…Fury in Delta – Prince Okareme, OMPSTAFOR; Fregene, APPDIOGCOM
…Twisted affair in Rivers – Deeyah, KAGOTE president
…Muddle in Edo – Inwalomhe, Executive Director, JRC
By Emma Amaize, Sam Oyadongha, Jimitota Onoyume, Festus Ahon, Egufe Yafugborhi, Davies Iheamnachor, Emem Idio, Ozioruva Aliu & Paul Olayemi
HOST communities and stakeholders in the South-South zone are outraged at governors of the region over how they manage the 13 per cent derivation, saying they (govs) have disappointed the oil-bearing states with their distressing performance, over the years.
They said the governors have no definite plan to uplift the standard of living of the people in oil-bearing communities, while those of them who set up oil development commissions were shortchanging them of funds, the same accusation South-South governors leveled against the Federal Government.
Special Adviser to the President on Niger Delta, Senator Ita Enang, recently, accused the governors of Niger Delta states. Speaking at a webinar on ‘Resolving the Host Communities Question’, organised by Orderpaper in partnership with the House of Representatives’ Committee on Niger Delta and the Nigeria Natural Resource Charter, NNRC, Enang also indicted the governors of misappropriating the 13 per cent derivation fund.
”The Governors have not been kind to the Niger Delta and I want to pray that the National Assembly amend the Niger Delta Development Commission Act, as well as amend the constitution so that the 13 percent derivation does not go to the governors; it should go to the host communities and targeted at the development of these communities.
“This is because the governors used the 13 percent derivation to buy aircraft and used the money to develop and build many houses and these monies are found in Banana Island and foreign countries. Let us find a legislative means whereby these monies can be used for the development of the communities.”
Community leaders across the region, who corroborated his claim, said oil communities were not feeling the impact of the 13 per cent derivation because of wrong-headed policies and contemptible implementation.
We are disenchanted with our govs – Prince Okareme, OMPSTAFOR
In Delta State, National Coordinator, Oil Mineral Producing Areas Stakeholders Forum, OMPASTAFOR, Prince Maikpobi Okareme, categorically stated: “Certainly, the host communities are very much dissatisfied with the way the governor of Delta and other Niger Delta states are managing the 13 per cent derivation fund.
“The legal funding arrangement of providing half of the derivation fund to the host communities through the Delta State Oil Producing Areas Development Commission, DESOPADEC, has been contemptuously put aside. For the past five years, Delta state government has always received more than N100 billion derivation fund yearly from the Federation Accounts, yet, DESOPADEC’s yearly budget had never been up to N50 billion.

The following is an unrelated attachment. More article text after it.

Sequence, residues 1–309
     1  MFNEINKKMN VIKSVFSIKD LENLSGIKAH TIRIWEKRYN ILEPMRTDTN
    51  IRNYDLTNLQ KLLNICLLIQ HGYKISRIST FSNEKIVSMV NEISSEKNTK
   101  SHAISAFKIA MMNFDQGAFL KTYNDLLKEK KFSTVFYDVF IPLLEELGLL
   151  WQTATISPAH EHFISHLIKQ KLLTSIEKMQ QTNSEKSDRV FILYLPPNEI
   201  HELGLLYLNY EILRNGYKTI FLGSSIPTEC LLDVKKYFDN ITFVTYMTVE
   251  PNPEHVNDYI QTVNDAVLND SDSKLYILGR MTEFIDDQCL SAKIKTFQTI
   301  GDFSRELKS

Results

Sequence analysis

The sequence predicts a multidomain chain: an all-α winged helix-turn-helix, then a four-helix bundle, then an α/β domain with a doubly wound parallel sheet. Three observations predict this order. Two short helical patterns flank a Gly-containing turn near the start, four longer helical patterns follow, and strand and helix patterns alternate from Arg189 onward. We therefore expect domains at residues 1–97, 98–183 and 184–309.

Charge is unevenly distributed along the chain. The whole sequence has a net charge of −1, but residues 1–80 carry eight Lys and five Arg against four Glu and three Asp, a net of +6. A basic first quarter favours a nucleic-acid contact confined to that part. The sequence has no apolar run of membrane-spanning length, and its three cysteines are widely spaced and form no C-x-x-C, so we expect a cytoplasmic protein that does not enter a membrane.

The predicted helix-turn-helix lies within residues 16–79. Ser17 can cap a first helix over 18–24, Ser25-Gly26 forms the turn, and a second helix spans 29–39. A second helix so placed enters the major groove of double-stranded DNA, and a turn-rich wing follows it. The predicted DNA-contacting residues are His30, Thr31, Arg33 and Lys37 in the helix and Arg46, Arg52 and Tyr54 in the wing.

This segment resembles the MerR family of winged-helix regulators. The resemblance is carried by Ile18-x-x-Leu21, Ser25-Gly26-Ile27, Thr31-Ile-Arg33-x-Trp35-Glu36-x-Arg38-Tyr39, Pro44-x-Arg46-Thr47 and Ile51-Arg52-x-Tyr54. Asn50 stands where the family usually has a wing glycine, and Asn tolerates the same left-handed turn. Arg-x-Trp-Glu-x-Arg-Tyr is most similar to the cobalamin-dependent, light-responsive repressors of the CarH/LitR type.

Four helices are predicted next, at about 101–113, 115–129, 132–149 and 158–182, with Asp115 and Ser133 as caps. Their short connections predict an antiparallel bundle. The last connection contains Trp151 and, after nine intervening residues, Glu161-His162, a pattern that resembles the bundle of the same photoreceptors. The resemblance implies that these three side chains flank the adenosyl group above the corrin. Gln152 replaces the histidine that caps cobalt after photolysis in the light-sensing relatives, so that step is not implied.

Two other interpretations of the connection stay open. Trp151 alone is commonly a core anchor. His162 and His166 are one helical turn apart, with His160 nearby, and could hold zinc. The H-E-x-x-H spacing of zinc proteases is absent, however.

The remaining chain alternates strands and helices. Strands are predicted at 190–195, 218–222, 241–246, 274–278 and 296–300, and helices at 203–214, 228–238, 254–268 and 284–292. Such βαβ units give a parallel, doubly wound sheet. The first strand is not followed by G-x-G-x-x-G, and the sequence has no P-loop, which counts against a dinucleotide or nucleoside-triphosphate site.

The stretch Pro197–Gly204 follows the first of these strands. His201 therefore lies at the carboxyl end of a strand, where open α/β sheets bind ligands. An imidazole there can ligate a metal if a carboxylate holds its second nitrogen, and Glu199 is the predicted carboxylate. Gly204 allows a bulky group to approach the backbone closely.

“In fact, the budget for 2018 was a mere N28 billion. Sadly too, the budgeted amount is in most cases was not fully released directly to the commission. Since the beginning of this administration Delta state, has retained its number one status as the highest oil-producing state in Nigeria with more than 30 per cent of total oil production.
The average monthly amount received for the 13 per cent has in most cases been more than N10 billion, yet we are not aware of any month DESOPADEC has received up to N2.5 billion, not to talk of N5 billion that is supposed to be 50 per cent of the average N10 billion in line with the DESOPADEC law.
Nothing to show in Ugborhen community- Mebradu, president
President of oil-rich Ugborhen community, Mr Philip Mebradu, asserted: “The 13 per cent derivation fund, you know it is paid to the state and not the communities and as I speak to you, we have not seen or felt the effect of the derivation fund in Ugborhen community.”
“Apart from what Seplat has done for us as their host community, you know how this thing works, that the cash is channelled through the Delta State Oil Producing Areas Development Commission, DESOPADEC, truly, no single projects that the commission has done that you can count on.
“We have been starved of projects, and the only Seplat handled some of the projects like roads and the community hall that you see in the village,” he said.
Mebradu added that despite the efforts of Seplat to improve lives in the community, what the oil community had got was not commensurate with the volume of oil they produce.
”Go to the community, you cannot point out one project, not even an uncompleted one, 13 per cent derivation fund should have been paid to the communities direct and it will be better utilized,” he said.
Itsekiri oil/gas communities worse off- Princess Fregene, APPDIOGCOM
Also speaking, Convener of Association for the Promotion of Peace and Development in Itsekiri oil and Gas Communities, APPDIOGCOM, Princess Grace Fregene lashed out at governors for allegedly failing to manage the 13 percent derivation, affirming that there was nothing substantial to show in Itsekiri oil and gas communities in Delta state.
Her words: “Federal government should increase the 13 per cent derivation and pay directly to oil and gas host communities. This done, peace will come automatically to Niger Delta. This is because the fund will be better used, prudently utilized to solve the problems plaguing us in the Niger Delta.”
“The governors and the interventionist agencies have failed the host communities with poor infrastructural spread, absence of projects procured and above all financial recklessness,” she asserted.
DESPOPADEC programmed to fail – Itsekure, activist